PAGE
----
Published by Self Published on July 18 2022
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A lovely story of love, sacrifice and family.
Kate Whitman was still grieving the death of her father when at the reading of his will, their father’s long-time friend and lawyer announces that a quarter of his personal Estate would go to a French woman none of the siblings ever heard their father speak of before.
While her oldest brother was determined to fight this bequest, Kate wanted to know more about this mystery woman and her connection to her father. Unfortunately they soon receive a letter from her daughter advising that her mother, Emilie Renault, died a year ago. Kate is determined to find out more and after further letters to Yvonne, she forwards a box to Kate. Written on the box is “Mementos – D. Whitman.” The odd items: a handkerchief, two stones, a train ticket and a pressed flower don’t really provide the answers that Kate was looking for, only more mystery.
It isn’t until Kate encounters a locked drawer while cleaning out her father’s desk and finds a diary of one Emilie Caronne Renault that Kate learns of the love story between am American soldier during WW II and a beautiful, young French girl.
Their story is both delightful and tragic and Kate realizes just how much she really didn’t know the man she looked up to all these years.
I was pulled into this story right away as the family dynamics unfold. We have the usual issues between siblings, who was closer to mom and who was closer to Dad. The 10 year age gap between Kate and her oldest brother. The issue with their drunken uncle, a black sheep of the family. There is also reference to a middle brother who moved to Alaska but as he never appears, he wasn’t really needed for this story.
Of course, the whole story becomes even more engrossing as we dive into Emilie’s diary. It begins in the height of the war while the Germans are occupying Nice. We feel the dread as food, money and jobs become scarce. Then the growing fear as more of the gestapo arrive in town to deal with the growing French resistance and who is hiding secrets as more and more of the young people disappear off the streets. And finally the giddy joy as the allies push out the Germans and liberate France.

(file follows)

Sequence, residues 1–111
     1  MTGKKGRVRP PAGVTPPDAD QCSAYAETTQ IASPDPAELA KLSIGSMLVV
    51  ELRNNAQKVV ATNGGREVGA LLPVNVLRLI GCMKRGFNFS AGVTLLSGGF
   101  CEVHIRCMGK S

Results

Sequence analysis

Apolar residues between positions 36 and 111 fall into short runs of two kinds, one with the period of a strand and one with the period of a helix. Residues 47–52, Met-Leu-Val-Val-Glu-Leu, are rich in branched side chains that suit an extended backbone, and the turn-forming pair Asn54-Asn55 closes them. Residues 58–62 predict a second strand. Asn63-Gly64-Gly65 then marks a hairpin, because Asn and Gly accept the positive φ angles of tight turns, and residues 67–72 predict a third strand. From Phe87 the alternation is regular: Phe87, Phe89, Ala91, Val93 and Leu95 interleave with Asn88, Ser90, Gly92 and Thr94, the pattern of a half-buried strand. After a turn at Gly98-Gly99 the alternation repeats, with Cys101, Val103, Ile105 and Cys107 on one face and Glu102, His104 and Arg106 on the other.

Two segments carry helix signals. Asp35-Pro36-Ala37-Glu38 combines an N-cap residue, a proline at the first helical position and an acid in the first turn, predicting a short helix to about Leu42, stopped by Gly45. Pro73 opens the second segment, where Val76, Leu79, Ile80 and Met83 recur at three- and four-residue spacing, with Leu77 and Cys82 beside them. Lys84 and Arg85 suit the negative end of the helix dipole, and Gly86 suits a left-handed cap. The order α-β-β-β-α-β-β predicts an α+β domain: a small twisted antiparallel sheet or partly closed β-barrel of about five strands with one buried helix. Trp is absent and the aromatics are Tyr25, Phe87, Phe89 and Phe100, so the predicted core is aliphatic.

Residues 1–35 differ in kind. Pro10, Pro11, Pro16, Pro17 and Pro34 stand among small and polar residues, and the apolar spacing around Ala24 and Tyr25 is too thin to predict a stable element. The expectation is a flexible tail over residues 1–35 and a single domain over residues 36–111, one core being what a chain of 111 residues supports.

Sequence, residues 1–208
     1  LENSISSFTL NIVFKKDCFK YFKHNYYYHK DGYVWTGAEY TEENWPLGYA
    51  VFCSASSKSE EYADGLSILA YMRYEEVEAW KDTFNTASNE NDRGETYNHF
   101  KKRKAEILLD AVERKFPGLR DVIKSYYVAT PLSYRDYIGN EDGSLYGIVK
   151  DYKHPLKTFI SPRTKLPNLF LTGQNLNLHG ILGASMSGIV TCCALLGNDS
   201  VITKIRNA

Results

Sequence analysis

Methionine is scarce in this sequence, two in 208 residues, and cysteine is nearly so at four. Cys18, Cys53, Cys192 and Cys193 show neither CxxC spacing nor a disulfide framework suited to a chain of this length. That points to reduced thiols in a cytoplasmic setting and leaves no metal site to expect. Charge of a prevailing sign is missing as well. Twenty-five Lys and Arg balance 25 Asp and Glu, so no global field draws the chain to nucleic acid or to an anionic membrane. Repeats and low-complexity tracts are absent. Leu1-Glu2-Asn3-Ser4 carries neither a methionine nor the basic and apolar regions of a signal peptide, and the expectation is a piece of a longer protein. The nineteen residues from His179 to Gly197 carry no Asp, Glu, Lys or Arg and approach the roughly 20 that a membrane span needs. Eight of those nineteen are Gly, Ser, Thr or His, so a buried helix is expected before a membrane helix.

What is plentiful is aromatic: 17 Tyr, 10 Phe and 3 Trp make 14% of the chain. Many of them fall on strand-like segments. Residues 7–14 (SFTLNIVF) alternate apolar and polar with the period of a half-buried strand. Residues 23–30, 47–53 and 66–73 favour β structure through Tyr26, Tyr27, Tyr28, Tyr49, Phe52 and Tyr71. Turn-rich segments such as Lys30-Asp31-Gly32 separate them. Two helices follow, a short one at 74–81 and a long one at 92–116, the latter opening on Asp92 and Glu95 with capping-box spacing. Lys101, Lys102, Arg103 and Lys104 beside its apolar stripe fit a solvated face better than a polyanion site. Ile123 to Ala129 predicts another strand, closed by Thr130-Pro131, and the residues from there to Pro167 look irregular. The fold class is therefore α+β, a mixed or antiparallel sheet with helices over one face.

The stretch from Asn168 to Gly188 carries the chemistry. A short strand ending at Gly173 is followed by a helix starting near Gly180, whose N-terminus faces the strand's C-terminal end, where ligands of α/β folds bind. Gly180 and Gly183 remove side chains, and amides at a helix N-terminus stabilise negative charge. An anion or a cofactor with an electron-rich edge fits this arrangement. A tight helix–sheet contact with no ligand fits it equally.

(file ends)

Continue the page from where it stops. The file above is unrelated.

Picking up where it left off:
Emilie and Daniel meet by accident and are drawn into a whirlwind romance. We enjoy their growing love story, even if it is bittersweet knowing from the start that Daniel will eventually return to New Jersey and his fiancé, Kate’s mother, leaving his heart behind forever with Emilie.
Kate gets the story she has been dying to know but learning the truth shifts her entire family dynamic in ways she could never anticipate, even bringing her closer to the parents she really never truly knew.
My one complaint is that the author should have noted the date we start the story. It was only released in 2022 but the timeline wasn’t working until I figured out that the current time was supposed to be 2006. We knew DJ celebrated his 56th birthday and that Kate was about 10 years younger. She also said she was 13 in 1973. If she was older than me in 1973, then she can’t be 46 in the story if is taking place in 2022. It wasn’t a big issue but when we are trying to understand statements like they corresponded for 40 years, I don’t want stop and bring out my calculator to figure out why those numbers aren’t working.
This author was recommended to me and I thought this story was going to be outside of my normal book choices, but it was full of romance, albeit not a Happily Ever After. This was an enjoyable story filled with historical references, family secrets, and quickly draws the reader in. Suzanne Trauth also has a mystery series that I will have to look into. This is currently listed as a Kindle Unlimited selection and I picked it up my own copy for only $.99.
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